LightWeight Charting in TFS 2013

One of the most interesting aspect of TFS is the great ability to give you all the statistics you need about your project thanks to the integration with SQL Analysis Services. The ability to do complex report based on TFS Cube is really exceptional, but it somewhat complicated for small teams, that needs much more simpler data.

The solution has always been loading the result of a certain query in Excel and then create some Excel Chart to have a visual representation of Query Result Data. This approach is really useful and simple, but people really need something that can be shared in a much more simpler way. Latest TF Service update and TFS 2013 RC introduces a new functionality in the Web Access called LightWeight Charting that permits you to do simple charts from the web interface.

That feature is really visible, and you can access it from the web interface of a result of a query


Figure 1: Charts link in query result permits you to access new Charting functionality

To create a new graph you can simply press the New Chart button in the Chart area, and simply choose the field you want to use for grouping and what you want for values, Ex, you want the count of Backlog Item subdivided by Area Path, to have an immediate visual clue of the length of the backlog of two different teams of a project.


Figure 2: Creating chart is really simple.

Once the Chart is created it is saved and it will be always visible in the chart part of the query. Actually it permits only to use the Count of Work Items as Values, but we expect in future release to being able to do other operations, as summing up values of certain columns.

Charts supports basic Pivot tables, Es: you can create a table to show you number of work item for each member group subdivided by Area Path.


Figure 3: A simple pivot Table

Once chart are saved they are always visible in the chart pane of the query, remember that actually you cannot create chart for Tree or Direct Link query types, and you can only use flat queries.


Figure 4: Saved chart will appear on the chart tab.

Remember that this feature is still at preview level, so you can expect more feature to come in future sprint releases.

Happy TF Service.

Gian Maria.

Manage Symbol server on Azure (or on-premise) VM and TF Service

One of the coolest capabilities of Team Foundation Server Build is the ability to automatically manage a symbol server. Suppose this scenario: you have a library and you want to distribute to all people in your organization, with the ability to being able to debug code in the dll and to identify the code that build each version of this dll. If you have TF Service you can use a VM in azure, but the overall process is really similar if you want to have a build on-premise.

  • Enable the File and storage service Server Role (to enable sharing)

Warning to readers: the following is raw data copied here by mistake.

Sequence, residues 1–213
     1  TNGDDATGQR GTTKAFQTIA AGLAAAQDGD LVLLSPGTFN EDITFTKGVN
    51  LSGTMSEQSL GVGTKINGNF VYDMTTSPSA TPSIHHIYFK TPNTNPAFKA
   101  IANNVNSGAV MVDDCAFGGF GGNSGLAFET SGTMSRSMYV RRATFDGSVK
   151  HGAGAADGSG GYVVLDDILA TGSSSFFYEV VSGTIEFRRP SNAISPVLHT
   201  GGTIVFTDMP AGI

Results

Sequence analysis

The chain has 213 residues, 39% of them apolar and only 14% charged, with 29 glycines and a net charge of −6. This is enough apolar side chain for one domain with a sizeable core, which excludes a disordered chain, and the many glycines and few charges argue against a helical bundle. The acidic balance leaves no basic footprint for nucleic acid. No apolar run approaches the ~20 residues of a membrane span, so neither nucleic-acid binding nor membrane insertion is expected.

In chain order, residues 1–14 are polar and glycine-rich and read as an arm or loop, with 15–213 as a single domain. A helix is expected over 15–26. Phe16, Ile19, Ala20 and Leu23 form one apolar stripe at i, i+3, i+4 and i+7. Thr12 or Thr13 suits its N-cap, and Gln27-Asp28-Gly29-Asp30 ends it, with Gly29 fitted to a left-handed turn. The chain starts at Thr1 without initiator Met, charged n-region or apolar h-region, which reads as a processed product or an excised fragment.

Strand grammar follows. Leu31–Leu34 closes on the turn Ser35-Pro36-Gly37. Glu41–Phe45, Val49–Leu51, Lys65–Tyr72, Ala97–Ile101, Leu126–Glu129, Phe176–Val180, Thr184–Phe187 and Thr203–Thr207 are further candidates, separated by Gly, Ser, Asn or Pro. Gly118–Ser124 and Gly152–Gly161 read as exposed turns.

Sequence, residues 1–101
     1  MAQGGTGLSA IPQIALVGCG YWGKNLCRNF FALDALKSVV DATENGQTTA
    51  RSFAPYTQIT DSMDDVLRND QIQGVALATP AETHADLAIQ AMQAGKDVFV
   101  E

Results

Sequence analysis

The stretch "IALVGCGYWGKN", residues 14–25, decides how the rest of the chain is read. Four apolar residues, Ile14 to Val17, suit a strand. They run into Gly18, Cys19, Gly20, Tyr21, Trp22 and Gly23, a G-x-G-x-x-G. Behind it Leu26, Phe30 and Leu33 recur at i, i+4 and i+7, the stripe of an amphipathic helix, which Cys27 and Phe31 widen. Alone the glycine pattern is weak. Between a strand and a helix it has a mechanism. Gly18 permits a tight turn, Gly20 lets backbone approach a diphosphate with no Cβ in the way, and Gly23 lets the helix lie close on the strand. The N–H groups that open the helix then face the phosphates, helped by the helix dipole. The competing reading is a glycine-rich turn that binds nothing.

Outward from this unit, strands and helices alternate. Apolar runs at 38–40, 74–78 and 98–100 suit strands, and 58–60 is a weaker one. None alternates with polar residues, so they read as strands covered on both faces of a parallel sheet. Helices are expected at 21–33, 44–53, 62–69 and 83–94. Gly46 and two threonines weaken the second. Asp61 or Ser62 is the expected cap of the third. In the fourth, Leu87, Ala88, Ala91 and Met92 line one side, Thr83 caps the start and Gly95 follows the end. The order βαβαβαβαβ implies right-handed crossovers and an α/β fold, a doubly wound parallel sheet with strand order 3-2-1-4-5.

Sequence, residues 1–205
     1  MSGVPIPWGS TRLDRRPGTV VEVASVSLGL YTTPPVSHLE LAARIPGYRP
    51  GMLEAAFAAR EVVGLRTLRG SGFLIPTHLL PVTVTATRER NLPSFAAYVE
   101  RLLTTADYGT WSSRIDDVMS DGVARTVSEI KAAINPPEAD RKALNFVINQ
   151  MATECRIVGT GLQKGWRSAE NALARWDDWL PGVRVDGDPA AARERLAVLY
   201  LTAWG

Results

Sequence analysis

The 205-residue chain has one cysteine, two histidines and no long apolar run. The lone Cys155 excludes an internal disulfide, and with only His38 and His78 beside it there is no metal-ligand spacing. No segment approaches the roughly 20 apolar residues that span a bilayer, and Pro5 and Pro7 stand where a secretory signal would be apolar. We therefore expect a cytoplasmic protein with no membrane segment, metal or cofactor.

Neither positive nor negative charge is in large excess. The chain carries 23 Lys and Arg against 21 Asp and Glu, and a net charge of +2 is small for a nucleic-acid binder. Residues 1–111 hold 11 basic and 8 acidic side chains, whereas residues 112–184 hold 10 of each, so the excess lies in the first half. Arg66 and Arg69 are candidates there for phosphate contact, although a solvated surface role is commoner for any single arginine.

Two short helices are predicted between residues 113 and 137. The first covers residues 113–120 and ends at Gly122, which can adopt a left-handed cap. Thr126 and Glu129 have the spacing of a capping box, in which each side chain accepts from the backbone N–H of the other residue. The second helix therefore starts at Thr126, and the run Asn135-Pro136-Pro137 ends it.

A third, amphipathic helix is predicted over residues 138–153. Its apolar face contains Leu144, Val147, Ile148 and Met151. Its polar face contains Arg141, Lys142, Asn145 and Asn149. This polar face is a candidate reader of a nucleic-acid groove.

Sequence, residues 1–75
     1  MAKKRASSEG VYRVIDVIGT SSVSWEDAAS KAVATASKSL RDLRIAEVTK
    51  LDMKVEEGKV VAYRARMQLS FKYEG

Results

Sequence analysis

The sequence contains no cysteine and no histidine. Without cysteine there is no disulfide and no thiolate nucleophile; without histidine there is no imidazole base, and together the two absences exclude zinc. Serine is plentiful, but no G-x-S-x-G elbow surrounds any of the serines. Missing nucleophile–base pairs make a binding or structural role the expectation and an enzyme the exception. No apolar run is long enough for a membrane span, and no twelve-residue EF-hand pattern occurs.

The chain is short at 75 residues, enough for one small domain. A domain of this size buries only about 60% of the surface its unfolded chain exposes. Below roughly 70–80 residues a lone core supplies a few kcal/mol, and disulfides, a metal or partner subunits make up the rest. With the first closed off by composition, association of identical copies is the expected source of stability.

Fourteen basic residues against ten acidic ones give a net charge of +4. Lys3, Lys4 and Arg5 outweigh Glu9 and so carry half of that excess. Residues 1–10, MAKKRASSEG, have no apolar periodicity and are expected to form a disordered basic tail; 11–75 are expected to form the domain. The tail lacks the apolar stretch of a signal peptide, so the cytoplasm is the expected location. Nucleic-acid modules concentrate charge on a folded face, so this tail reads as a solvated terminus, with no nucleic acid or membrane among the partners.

• Enable the Web server role
  • Install Team Foundation Server express Update 3

Once everything is in place you can simply create a local folder and share in read / write, my machine is called TfsSymbolServer so the folder will be \\tfssymbolserver\symbols


Figure 1: Share a folder in Read / write mode

Now you should simply configure Team Foundation Server express build server to connect to your TF Service account. The express version is free and you can install on your VM with few clicks. The necessary steps are identical if you are installing the Build Server on-premise.


Figure 2: Build controller and agent correctly configured for my TF Service account

Now you should create a TFS Build to release your library and automatically publish symbols on previous network share. In the Build Defaults choose your new Build Controller you’ve installed in the VM and ask to copy the Build Output to the server


Figure 3: Configure the build defaults

In the Build Process you can now simply choose the item you want to publish (with all desired configurations), and choose to index sources, specifying the network share you created in the Virtual Machine. That network share is not visible outside that VM, but since the build controller and the share are on the same machine, you will have no problem during the build. Even if the machine is on azure and it is not connected to any VPN, the build will succeed because the publish symbol share is local.

 If everything is on-premise, you can clearly use any network share that is visible from the machine with the Build Agents.

Another interesting aspect of the build, is the use of a different build process template used to version assembly and taken from the TFS Versioning library on codeplex. That build process is used to give to the assemblies a unique FileAssemblyVersion, where you usually specify Major and Minor, and the template will add the date as julian and the incremental number of the build. You have plenty of documentation if you download from the project site []


Figure 4: Build process, index the source and use TfsVersioning to version assemblies

Now that everything is in place you can fire a build an verify in the Virtual Machine that the Symbols directory have symbols file in it.


Figure 5: Symbols files are correctly published in the local share

If the VM with the Build Agent is on-premise, you have nothing to do, because people will have access to the same network share used by the build Agent, but if the VM is on Azure, people are not able to see network share.